Happy birthday Hank Marvin – 69 today.
Charientism – an artfully veiled insult; a taunt softened by jest.
“Problems are bad, and badness is wrong, so we should all do something random immediately in order to stop this wrong badness from causing problems.”
TimT at Will Type For Food.
It’s hard enough to accept the death of a child from illness when no-one is at fault. It must be so much more difficult to come to terms with it when it’s the result of someone’s actions even if they weren’t deliberate.
I am humbled by the grace shown by Emma and Duncan Woods towards Ashley Austin who lost control of his car and killed the Woods’ four-year-old son Nayan.
Emma Woods said she had forgiven Austin.
“Nayan was loved so much and is missed by many people. He loved to laugh and make everyone else laugh. We learned a lot from him and he will continue to influence us. It’s easy to raise voices in anger and condemn others for their mistakes.”
However she said mistakes were human nature and the family had forgiven Austin since they had got to know him since the incident.
The Wood have every right to be angry, even bitter. Instead, from the very early reports, they have shown inspirational grace and capacity for forgiveness.
Without that Austin would have almost certainly been jailed. Instead he’s been sentenced to six months community detention, a weekend curfew, 200 hours community service and a three year ban on driving.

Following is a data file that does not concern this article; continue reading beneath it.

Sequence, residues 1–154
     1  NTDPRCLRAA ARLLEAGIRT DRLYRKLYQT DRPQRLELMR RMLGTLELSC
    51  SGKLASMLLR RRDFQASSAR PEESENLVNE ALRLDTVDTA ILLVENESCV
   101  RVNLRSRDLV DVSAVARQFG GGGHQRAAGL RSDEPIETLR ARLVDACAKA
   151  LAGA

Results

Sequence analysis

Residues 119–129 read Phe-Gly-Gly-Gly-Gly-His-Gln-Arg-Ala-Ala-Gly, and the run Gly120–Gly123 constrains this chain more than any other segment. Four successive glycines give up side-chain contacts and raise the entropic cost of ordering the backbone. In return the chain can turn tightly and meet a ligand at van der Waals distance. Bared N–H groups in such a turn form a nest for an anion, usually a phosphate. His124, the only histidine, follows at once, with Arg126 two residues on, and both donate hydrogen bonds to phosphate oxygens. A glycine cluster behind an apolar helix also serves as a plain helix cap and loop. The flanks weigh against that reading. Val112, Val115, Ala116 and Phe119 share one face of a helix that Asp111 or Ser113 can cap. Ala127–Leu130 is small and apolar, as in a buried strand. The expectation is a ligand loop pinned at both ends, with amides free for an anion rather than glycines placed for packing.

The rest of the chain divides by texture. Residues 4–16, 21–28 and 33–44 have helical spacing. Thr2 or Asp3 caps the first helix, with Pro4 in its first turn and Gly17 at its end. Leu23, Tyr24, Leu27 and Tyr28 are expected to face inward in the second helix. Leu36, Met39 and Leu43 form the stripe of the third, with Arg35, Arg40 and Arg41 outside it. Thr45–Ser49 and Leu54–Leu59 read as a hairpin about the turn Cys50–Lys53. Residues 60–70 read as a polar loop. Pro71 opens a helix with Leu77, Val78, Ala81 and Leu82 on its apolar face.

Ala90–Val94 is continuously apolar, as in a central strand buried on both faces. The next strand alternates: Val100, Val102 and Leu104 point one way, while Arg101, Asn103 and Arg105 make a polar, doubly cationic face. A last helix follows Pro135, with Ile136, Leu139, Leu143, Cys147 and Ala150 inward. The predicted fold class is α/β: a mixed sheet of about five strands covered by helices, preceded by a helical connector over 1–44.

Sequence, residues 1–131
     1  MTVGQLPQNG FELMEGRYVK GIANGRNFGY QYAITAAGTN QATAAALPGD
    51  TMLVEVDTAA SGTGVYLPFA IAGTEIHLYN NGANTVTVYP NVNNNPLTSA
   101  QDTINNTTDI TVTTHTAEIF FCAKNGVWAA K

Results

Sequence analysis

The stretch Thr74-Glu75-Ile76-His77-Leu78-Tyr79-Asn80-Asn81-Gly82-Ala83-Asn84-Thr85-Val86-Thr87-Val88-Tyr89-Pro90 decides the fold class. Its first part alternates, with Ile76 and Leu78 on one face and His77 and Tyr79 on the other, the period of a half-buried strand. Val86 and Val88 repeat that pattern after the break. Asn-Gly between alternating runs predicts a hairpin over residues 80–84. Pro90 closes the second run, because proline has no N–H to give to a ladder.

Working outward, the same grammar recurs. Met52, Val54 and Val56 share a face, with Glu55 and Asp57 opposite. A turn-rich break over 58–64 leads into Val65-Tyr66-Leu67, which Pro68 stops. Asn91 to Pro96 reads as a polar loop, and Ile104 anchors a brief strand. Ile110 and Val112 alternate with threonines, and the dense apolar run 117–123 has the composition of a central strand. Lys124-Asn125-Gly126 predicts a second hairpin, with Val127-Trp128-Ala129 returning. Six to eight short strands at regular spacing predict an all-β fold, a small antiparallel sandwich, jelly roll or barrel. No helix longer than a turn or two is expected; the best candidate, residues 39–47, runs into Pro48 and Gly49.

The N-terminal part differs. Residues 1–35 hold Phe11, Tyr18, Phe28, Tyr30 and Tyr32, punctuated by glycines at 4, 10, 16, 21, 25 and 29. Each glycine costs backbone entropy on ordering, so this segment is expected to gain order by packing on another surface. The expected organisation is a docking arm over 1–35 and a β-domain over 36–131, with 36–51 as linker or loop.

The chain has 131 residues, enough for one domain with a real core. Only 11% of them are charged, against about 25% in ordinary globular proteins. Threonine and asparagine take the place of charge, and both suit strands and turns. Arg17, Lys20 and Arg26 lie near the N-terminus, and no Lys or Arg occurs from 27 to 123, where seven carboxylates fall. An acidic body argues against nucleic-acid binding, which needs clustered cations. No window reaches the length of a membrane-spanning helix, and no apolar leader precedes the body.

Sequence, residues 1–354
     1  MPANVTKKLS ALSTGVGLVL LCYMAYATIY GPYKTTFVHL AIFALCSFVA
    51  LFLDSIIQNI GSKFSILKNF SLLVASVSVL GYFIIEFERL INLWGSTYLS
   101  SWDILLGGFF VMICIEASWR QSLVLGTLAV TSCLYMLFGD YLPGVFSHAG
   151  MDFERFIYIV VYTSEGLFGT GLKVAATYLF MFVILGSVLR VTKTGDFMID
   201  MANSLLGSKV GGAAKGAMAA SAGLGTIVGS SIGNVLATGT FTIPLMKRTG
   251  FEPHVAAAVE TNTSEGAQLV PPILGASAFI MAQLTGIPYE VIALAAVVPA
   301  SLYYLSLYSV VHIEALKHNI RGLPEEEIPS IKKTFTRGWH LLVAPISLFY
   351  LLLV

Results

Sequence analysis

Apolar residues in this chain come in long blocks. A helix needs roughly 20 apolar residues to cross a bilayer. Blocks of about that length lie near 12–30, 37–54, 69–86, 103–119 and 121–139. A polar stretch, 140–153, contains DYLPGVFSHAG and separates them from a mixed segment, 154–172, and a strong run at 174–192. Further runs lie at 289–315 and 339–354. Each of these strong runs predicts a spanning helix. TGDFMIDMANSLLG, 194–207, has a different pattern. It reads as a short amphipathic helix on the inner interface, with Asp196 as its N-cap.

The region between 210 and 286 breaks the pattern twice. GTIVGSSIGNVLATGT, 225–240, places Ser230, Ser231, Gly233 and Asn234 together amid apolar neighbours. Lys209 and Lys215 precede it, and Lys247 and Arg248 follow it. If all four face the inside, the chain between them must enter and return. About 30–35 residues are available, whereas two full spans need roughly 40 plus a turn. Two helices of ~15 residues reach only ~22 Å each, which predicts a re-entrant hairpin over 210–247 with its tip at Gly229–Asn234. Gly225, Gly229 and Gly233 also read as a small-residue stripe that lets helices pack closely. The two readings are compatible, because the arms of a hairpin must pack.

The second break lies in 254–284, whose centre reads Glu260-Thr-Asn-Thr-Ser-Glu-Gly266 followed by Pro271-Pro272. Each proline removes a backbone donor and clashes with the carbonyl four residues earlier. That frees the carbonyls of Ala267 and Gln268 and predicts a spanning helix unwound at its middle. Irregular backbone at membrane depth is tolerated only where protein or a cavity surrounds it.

Nothing the court could do would be worse than the knowledge that his actions led to the death of a child.
He has shown true remorse and some good can come from this tragdey if he lives in a different, better way than he would have. The grace and forgiveness of the Woods family have given him an opportunity to do that.
David Parker has admitted he got something wrong:
Parker now says he approved too many land sales when he was Land Information Minister in the Labour government and that Labour “didn’t get it right on farm sales”.
That statement would have a lot more validity if he gave examples of which sales were a mistake and why. What are the new owners doing to their properties and its produce that makes him think the land would be better in New Zealand ownership?
He was concerned about the growing asset inequality in NZ. “Assets ought to be priced within reach of ordinary NZers.”
“Before the global financial crisis most successful bidders for Kiwi land were NZers, Parker said. Since the crisis there had been a significant change and the only way to sustain high prices was to sell on the international market, effectively shutting out the average NZer.